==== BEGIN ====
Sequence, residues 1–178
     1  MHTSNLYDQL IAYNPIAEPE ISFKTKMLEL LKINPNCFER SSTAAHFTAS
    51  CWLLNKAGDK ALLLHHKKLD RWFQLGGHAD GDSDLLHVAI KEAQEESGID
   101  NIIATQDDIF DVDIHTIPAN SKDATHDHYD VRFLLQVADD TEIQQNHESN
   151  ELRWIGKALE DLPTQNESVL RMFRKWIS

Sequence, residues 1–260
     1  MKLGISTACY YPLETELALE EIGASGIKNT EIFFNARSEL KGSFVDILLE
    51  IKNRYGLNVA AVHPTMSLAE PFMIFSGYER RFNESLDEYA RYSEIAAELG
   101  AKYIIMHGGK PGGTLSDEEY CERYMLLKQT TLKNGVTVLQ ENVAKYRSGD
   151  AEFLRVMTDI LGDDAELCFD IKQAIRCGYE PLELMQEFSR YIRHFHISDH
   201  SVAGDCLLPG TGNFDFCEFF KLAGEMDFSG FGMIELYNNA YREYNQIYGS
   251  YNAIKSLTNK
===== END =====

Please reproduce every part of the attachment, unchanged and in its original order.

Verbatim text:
Sequence, residues 1–178
     1  MHTSNLYDQL IAYNPIAEPE ISFKTKMLEL LKINPNCFER SSTAAHFTAS
    51  CWLLNKAGDK ALLLHHKKLD RWFQLGGHAD GDSDLLHVAI KEAQEESGID
   101  NIIATQDDIF DVDIHTIPAN SKDATHDHYD VRFLLQVADD TEIQQNHESN
   151  ELRWIGKALE DLPTQNESVL RMFRKWIS

Sequence, residues 1–260
     1  MKLGISTACY YPLETELALE EIGASGIKNT EIFFNARSEL KGSFVDILLE
    51  IKNRYGLNVA AVHPTMSLAE PFMIFSGYER RFNESLDEYA RYSEIAAELG
   101  AKYIIMHGGK PGGTLSDEEY CERYMLLKQT TLKNGVTVLQ ENVAKYRSGD
   151  AEFLRVMTDI LGDDAELCFD IKQAIRCGYE PLELMQEFSR YIRHFHISDH
   201  SVAGDCLLPG TGNFDFCEFF KLAGEMDFSG FGMIELYNNA YREYNQIYGS
   251  YNAIKSLTNK